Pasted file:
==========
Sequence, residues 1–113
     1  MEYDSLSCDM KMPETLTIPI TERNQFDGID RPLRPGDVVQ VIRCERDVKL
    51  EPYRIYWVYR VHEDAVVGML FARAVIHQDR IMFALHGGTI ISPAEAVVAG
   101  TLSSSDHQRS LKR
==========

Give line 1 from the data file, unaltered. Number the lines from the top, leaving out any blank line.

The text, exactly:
Sequence, residues 1–113